Book Review: ‘The Forgetting River: A Modern Tale of Survival, Identity and the Inquisition’
In Doreen Carvajal’s memoir, The Forgetting River: A Modern Tale of Survival, Identity and the Inquisition (Riverhead), Carvajal discusses her ancestral journey from Costa Rica, her birthplace, to Segovia, Spain to discover her Catholic family’s hidden Jewish roots. In 2019, a documentary directed by Joseph Lovett, entitled, ‘Children of the Inquisition’ premiered. Doreen participated in this documentary along with other descendants of the Inquisition. Her father had admitted to her that he had known that he was Jewish since the age of 6, but wasn’t allowed to speak of it. It was only when she was an adult, while interviewing a rabbi, was she asked if she knew the origins of her name and that it was an old Sephardic Jewish surname. The growing interest in her surname was what initiated her journey into her past. Regrettably, her most famous family member, Luis de Carvajal, who openly practiced Judaism, was burned at the stake in Mexico City in 1596.
Wanting to find out more, she reached out to her great-aunt Luz Carvajal de Llubere in San Jose, Costa Rica, who told her, “Well, as is typical in the Carvajal family, yes, we are Sefarditas, but it’s always complicated.” Even in the 21th century, they were still very guarded and scared of revealing their origins. Carvajal was able to trace her family to Segovia, Spain. As was shown in the documentary and outlined in her memoir, Carvajal found herself in her ancestral city of Segovia, Spain. Equipped with information from family elders, she began her journey to gain more insight into her family’s enigmatic past.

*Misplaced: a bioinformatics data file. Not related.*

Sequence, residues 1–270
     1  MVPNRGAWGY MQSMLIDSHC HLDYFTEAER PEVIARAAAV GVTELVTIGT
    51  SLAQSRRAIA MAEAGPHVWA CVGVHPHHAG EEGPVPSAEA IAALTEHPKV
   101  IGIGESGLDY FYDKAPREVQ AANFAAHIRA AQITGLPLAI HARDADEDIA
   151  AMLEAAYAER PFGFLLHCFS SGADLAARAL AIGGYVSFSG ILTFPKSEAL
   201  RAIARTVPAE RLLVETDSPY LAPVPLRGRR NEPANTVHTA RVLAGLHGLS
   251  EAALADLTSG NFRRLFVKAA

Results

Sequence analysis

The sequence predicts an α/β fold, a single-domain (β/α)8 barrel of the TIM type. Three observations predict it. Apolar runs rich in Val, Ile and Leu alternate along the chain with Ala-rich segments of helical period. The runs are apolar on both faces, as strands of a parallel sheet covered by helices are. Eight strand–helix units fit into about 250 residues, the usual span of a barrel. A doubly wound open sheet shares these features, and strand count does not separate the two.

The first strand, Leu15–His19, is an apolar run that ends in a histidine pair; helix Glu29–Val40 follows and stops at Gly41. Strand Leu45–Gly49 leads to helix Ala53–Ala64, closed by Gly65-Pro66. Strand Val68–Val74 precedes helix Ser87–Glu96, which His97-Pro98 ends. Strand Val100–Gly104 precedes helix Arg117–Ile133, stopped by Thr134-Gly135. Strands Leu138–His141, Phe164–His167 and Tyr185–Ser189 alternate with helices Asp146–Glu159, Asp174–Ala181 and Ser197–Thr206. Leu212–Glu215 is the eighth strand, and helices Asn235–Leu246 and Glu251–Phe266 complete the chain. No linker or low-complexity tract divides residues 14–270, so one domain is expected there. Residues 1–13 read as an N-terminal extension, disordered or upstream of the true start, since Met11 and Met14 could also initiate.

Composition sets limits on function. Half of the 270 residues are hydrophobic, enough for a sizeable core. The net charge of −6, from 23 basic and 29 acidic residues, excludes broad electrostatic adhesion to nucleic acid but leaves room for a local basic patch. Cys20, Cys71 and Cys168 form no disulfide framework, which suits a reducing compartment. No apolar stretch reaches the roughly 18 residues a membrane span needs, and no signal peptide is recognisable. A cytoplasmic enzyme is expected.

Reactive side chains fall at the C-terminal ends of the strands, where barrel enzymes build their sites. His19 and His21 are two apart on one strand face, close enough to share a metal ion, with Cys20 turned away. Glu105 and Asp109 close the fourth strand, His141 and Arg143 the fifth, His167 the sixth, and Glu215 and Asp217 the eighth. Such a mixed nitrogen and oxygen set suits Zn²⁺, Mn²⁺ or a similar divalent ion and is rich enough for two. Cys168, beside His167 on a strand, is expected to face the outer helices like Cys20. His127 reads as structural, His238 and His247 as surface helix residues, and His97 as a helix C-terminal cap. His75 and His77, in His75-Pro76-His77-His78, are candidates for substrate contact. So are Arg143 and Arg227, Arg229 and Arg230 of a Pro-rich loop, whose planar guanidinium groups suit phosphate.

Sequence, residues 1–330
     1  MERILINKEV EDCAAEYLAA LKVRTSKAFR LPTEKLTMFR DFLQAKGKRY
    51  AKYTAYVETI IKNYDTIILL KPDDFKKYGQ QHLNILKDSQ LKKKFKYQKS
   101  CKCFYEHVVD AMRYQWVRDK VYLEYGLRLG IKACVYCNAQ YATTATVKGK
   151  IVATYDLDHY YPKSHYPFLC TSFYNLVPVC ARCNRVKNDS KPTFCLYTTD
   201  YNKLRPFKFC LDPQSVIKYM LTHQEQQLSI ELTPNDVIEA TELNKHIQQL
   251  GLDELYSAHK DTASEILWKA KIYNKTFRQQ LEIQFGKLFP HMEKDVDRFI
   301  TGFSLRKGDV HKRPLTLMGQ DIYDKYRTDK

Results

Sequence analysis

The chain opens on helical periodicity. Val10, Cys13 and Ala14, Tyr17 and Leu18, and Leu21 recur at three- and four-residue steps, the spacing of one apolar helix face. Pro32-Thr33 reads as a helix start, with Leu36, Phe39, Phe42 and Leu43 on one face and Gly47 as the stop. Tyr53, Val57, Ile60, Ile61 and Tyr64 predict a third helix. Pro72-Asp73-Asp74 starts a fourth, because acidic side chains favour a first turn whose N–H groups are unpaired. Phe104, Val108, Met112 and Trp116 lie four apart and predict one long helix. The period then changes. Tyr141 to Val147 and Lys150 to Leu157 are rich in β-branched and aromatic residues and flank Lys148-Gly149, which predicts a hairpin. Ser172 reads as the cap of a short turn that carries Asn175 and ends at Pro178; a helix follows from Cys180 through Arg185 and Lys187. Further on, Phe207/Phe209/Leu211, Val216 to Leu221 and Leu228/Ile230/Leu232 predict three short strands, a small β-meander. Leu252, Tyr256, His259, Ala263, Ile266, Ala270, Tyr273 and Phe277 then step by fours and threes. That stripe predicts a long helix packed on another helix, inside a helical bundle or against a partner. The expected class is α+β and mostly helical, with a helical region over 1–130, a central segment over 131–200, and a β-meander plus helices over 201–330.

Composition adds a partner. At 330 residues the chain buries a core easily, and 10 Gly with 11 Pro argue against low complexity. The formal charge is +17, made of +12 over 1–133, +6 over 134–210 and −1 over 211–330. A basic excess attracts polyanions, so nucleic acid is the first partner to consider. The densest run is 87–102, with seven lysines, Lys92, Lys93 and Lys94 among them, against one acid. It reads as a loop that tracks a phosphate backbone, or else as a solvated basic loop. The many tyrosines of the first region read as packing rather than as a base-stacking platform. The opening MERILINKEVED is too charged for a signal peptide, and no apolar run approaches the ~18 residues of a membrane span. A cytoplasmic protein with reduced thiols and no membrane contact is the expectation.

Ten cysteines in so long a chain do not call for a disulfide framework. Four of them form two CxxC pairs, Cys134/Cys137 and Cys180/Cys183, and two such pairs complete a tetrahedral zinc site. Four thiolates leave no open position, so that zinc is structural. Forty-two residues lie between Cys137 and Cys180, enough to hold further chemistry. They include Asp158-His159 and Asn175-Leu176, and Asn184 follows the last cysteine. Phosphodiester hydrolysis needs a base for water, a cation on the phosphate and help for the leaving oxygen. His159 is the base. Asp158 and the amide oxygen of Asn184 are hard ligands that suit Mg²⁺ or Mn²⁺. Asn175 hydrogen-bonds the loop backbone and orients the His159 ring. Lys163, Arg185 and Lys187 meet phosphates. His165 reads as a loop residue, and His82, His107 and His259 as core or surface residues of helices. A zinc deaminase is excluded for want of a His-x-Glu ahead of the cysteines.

In Segovia, Carvajal met with the premier expert on Sephardic Jewish history, professor David Gitlitz, who recently passed away in 2021, may his memory be a blessing. Gitlitz went through Carval’s family tree beginning with her 16th great grandfather, Diego Arias Dávila, who was converted as a child and grew up in a family who continued to practice jewish traditions. Diego, who lived in the 15th century, was a man of many talents and charm. Through his networking efforts, he became friends with Prince Henry and ultimately became the chief financial officer of the King of Castille, King Enrique IV. During this time, Dávila had a dual identity of practicing Judaism in private, but also going to church publically. He had his own castle and it’s now a tax bureau. Gitlitz accompanied Carvajal to her ancestral palatial home and the nearby synagogue, which the Dávil family likely could have attended, called Antigua Sinagoga Mayor de Segovia, but is now called Convento de Corpus Christi. Diego had a son Juan, who wanted nothing to do with his parents Judaism, embraced Catholicism, and was appointed bishop of Segovia when he was 21 years old.
At the National Historical Archives in Madrid, Gitlitz and Carvajal found transcripts of a 15th-century trial between Juan Dávil and Tomas de Torquemada, the first Spanish Grand Inquisitor. Torquemada brought charges against Juan’s parents even though they had been deceased for years. Around 200 witnesses gave testimony against the family for practicing jewish customs as trite as washing before the shabbat, eating adafina, a slow-cooked stew (a Sefardic cholent) that had been cooked in the Jewish quarter, and eating kosher food.